World Vision Cambodia national director Jason Evans (L) and Hor Sarun, under-secretary of state at the Ministry of Tourism, sign a memorandum of understanding yesterday in an effort to help combat the sexual exploitation of children in Cambodia’s tourism sector. Photograph: Pha Lina/Phnom Penh Post
Far-flung villages and towns peppered across Cambodia’s rural provinces must be far better equipped to deal with child sex tourism, according to humanitarian organisation World Vision.
The Ministry of Tourism and World Vision Cambodia yesterday morning signed a memorandum of understanding, a tangible symbol, they said, of their partnership to combat the sexual exploitation of children in Cambodia’s blooming tourism sector.
Almost 50 deputy municipal-provincial governors and municipal-provincial chiefs of department from Cambodia’s 24 provinces joined World Vision staff and Ministry of Tourism officials at the Child Safe Tourism Committee workshop yesterday.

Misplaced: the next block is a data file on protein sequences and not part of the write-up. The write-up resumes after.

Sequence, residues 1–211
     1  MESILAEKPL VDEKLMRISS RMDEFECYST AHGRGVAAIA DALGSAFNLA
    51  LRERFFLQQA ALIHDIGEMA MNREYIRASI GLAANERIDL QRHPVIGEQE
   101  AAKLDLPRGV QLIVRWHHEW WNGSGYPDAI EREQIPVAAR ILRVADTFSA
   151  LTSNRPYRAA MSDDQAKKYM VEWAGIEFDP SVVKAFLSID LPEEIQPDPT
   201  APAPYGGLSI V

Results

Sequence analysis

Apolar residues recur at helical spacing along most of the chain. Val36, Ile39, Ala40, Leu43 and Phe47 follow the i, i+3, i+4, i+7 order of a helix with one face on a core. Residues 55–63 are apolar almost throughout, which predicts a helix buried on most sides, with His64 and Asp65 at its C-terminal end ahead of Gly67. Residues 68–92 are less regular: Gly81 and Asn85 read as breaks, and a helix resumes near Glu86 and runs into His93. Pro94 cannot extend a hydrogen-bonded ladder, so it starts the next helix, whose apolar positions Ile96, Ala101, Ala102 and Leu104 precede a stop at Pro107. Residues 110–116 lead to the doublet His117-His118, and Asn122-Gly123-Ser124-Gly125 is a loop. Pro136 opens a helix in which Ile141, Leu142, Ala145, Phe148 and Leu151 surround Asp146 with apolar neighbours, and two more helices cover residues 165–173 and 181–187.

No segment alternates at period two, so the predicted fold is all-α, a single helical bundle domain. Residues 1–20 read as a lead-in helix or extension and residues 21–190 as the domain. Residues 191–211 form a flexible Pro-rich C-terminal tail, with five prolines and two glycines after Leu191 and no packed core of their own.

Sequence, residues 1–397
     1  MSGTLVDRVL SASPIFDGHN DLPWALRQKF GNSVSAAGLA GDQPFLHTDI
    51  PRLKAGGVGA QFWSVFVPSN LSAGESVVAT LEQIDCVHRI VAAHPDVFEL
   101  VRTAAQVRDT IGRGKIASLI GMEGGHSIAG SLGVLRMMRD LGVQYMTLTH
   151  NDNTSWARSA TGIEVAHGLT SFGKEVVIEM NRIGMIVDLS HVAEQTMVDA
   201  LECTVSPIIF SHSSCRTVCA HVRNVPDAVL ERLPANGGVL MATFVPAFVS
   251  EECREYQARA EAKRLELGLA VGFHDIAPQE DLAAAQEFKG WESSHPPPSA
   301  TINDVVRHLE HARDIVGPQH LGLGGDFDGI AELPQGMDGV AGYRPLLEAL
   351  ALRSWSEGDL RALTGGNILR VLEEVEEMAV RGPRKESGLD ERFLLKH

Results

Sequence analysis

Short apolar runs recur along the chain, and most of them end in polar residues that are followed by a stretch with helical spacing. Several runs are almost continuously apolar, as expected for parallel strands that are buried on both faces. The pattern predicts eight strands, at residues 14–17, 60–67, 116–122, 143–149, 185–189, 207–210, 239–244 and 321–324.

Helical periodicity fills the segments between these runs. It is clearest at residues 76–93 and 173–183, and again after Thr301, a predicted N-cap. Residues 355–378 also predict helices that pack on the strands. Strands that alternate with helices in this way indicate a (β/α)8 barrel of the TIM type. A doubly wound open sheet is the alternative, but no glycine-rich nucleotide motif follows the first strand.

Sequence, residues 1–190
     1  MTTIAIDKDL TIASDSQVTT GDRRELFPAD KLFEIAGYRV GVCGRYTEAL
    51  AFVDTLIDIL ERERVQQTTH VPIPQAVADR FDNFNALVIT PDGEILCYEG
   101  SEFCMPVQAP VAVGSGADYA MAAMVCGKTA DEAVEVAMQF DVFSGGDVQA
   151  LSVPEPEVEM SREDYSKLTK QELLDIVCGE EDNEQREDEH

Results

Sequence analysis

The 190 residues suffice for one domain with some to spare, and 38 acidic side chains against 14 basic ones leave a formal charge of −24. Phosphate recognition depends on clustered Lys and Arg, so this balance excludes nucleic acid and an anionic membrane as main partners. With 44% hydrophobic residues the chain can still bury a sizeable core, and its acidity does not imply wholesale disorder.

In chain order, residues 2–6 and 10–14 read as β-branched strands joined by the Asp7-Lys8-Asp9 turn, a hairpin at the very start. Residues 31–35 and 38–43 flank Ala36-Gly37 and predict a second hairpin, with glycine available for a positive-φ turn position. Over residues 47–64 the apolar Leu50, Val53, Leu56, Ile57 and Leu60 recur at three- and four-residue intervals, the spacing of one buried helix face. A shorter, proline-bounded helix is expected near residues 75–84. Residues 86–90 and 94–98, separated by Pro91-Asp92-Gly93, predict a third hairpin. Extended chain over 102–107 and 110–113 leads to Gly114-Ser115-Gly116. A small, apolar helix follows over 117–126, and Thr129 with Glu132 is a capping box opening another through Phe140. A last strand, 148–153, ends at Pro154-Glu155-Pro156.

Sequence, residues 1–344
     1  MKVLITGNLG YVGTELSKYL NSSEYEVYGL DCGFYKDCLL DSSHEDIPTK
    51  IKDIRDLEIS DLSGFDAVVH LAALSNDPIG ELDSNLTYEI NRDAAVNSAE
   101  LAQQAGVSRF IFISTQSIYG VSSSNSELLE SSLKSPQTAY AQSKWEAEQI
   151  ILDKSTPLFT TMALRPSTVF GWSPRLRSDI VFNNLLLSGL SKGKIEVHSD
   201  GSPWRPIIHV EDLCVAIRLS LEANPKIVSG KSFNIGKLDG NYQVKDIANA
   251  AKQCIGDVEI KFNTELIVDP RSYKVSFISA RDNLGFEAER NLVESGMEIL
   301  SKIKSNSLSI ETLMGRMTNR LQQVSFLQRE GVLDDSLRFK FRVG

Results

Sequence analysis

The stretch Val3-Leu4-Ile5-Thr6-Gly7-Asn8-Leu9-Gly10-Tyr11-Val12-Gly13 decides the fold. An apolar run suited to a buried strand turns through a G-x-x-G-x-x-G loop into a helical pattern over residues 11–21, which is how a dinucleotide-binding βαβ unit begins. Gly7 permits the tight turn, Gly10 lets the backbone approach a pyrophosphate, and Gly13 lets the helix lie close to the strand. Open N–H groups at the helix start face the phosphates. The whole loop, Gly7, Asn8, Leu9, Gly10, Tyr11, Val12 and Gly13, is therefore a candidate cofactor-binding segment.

World Vision regional program manager Aarti Kapoor told the Post that sex exploitation was endemic in the country’s peripheries.
“Part of our campaign will be to enlist child safety committee members from each province in the country, to spread the message, and also to be vigilant about where there are vulnerabilities, if locals in these areas know where there may be an orphanage or a brothel, they need to monitor it,” she said.
She highlighted that vulnerable children in unregulated orphanages can be victims of sex tourism.
Hor Sarun, chairman of the Child Safe Tourism Committee, said this program was a first of its kind because of the scale of training and education it provided to “the far-reaching places”.
He said Cambodia had seen an influx of two million tourists in 2011 and witnessed almost 100 cases of sexual harassment to children by foreigners.
He said that most of the children suffering from sexual abuse by foreigners are children – both boys and girls – selling souvenirs at the beach and resorts.
Speaking to the Post after the workshop, Eric Meldrum, operations director for anti-human trafficking and exploitation group SISHA, said that while foreign sex tourists remained a problem in Cambodia, of greater concern was the flood of Khmer men having sex with children, particularly virgins.
“I appreciate Cambodia does have that image as a place where foreign pedophiles come, but they need to be targeting the massive amount of Khmer offenders,” he said.